Hundreds of thousands of people are expected to fill the streets of the capital of El Salvador on Saturday to celebrate as one of Latin America’s most revered and controversial religious figures is beatified — the last official step before sainthood.
They will gather to pay tribute to former Archbishop Oscar Romero, a beloved priest and staunch defender of the poor, who was murdered while celebrating Mass in 1980.
The ceremony ends a long-fought battle for recognition of Romero’s life and work. But many say it does little to curb the current gang violence terrorizing the country today.
Romero’s beatification has brought visitors and his supporters from around the world to this small Central American nation. They stream through Romero’s spartan home in San Salvador, the capital, now preserved as a tiny museum, where Romero lived up until his death.
“He is a prophet of our time, one who denounced oppression and wrong doing,” says one visitor, Sister Rosario Carvajal, who came with a group of nuns for the beatification from neighboring Costa Rica.
Romero’s tan, 1970-era Toyota Corona sits in the home’s driveway, vintage black and white photos line the interior walls, and in his tiny bedroom, Romero’s bulky IBM Selectric typewriter rests on a desk in the corner. It’s the one he used to type his Sunday homilies, which were broadcast live throughout the country.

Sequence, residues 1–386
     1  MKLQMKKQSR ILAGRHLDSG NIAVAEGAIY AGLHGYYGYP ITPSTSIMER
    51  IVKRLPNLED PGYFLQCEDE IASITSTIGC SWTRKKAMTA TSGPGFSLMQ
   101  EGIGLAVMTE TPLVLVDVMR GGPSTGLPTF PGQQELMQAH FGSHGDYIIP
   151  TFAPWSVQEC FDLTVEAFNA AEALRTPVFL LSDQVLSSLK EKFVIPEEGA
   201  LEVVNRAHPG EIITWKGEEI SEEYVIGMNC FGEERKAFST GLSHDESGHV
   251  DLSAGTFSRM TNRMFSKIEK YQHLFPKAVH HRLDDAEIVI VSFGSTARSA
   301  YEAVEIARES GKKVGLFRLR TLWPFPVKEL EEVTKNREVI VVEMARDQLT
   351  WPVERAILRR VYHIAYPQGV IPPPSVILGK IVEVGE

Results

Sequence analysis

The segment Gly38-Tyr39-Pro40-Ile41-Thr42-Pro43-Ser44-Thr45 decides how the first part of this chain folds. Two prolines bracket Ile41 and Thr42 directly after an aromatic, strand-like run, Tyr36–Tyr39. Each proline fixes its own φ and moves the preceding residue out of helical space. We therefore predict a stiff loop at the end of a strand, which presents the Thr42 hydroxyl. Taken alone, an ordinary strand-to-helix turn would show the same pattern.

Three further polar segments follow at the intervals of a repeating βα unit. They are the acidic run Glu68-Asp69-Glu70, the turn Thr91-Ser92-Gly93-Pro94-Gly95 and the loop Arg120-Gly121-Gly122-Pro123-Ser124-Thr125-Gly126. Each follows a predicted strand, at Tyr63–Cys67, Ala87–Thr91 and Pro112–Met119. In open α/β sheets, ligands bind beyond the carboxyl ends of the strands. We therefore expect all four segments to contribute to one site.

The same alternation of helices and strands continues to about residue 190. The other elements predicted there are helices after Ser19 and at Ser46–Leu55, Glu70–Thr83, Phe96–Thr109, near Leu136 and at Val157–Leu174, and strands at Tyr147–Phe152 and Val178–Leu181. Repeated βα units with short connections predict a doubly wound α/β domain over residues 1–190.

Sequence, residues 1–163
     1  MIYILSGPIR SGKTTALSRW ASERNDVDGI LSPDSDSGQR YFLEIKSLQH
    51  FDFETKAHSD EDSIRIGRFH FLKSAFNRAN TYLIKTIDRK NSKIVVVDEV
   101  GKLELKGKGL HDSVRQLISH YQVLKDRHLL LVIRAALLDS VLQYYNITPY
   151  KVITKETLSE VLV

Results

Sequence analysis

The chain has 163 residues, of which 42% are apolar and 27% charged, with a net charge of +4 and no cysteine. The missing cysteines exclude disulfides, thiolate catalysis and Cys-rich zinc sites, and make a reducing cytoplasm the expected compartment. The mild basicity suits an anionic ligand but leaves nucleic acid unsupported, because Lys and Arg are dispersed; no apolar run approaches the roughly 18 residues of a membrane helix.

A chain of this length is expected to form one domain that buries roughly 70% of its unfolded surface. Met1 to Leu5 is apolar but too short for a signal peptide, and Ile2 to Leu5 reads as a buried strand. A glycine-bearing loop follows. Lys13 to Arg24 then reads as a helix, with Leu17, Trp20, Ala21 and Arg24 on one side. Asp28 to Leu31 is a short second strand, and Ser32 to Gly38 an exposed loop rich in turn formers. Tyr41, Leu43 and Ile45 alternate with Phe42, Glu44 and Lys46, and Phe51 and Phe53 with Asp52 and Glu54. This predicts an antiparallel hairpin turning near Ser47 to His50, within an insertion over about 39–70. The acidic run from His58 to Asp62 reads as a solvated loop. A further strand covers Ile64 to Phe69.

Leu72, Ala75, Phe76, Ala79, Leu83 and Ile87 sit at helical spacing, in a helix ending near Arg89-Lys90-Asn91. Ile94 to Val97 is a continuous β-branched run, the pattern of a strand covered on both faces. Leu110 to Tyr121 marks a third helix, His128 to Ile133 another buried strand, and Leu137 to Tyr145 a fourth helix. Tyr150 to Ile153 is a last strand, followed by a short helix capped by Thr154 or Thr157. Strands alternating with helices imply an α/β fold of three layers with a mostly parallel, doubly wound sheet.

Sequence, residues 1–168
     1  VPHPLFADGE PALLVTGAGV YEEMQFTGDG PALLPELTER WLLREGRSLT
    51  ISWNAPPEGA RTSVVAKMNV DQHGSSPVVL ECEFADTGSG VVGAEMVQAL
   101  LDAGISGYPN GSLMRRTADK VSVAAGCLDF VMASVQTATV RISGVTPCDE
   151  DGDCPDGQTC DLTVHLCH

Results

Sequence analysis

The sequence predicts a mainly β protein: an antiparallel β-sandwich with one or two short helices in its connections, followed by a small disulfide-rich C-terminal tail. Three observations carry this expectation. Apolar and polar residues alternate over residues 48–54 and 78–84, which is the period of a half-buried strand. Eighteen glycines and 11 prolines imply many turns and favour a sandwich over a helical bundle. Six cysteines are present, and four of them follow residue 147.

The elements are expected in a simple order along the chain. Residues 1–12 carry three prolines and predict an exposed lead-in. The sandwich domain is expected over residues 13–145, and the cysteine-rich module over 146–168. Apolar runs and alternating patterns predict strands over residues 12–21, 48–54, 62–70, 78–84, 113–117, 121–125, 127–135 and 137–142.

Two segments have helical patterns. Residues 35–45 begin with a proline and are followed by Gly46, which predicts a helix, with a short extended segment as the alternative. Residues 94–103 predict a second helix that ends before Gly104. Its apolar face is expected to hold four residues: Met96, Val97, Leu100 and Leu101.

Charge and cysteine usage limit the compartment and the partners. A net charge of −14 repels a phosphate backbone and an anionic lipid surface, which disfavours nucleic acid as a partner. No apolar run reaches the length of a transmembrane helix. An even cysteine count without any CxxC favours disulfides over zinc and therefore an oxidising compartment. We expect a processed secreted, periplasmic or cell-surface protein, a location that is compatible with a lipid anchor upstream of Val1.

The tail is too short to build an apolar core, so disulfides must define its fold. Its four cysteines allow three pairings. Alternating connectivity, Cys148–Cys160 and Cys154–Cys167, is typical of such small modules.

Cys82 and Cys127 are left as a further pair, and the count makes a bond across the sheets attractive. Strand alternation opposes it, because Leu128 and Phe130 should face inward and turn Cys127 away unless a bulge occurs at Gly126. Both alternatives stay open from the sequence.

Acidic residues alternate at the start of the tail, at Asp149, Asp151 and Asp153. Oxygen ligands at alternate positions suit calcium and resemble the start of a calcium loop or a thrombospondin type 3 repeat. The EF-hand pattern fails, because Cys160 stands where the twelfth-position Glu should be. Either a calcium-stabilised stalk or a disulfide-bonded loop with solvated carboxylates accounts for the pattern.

Amadeo Rivas is touring the museum with family. The 71-year-old says he remembers those sermons, especially one where Romero preached about politics, which he insisted was not inherently bad, but a necessary part of a community’s life.
That is not how El Salvador’s military or oligarchic leaders saw it. They viewed Romero’s broadcasts, which often ended with a list of atrocities perpetrated by their right-wing death squads, as subversive and agitating the growing leftist opposition.
“I don’t think his voice, his message, would have had as much impact, if it were not for the radio,” says Guillermo Cuellar, who had a daily music program on the Catholic Church’s station YSAX.
In one broadcast, he introduced Cuellar’s music, filled with protest messages, which the archbishop referred to as a helping hand to the oppressed.
Heard throughout the country on AM stations, Romero’s homilies, broadcast live from the packed San Salvador cathedral, were widely popular. Cuellar says in the rural communities, the poorest of peasants would conserve their batteries all week to make sure they had enough juice left to tune in on Sunday.
It was most likely his last Sunday homily that enraged El Salvador’s increasingly brutal regime. In it, he pleads with the U.S.-backed military to disobey orders from their superiors.
“In the name of God,” says Romero, “I order you to stop the repression.”
Killed While Celebrating Mass
The next day, March 24, 1980, while celebrating Mass at a hospital church, Romero was shot through the heart by an assassin.
His murder is widely thought to have sparked the start of the civil war that claimed more than 75,000 lives and lasted until 1992.
While peace was declared more than two decades ago, El Salvador today is engulfed in a new war, fed by feuding gangs and drug traffickers, says the Rev. Walter Guerra, who preached alongside Romero in the last year of his life.
As many as 30 homicides a day, one of the highest murder rates in the world, are now registered in the country.
“We are the same or worse than we were back during the war,” Guerra says.
He is most upset with the current government, run by former leftist fighters. President Salvador Sanchez Ceren was a Marxist guerilla commander.
Where, asks Guerra, is the social justice that thousands, including Archbishop Oscar Romero, died for?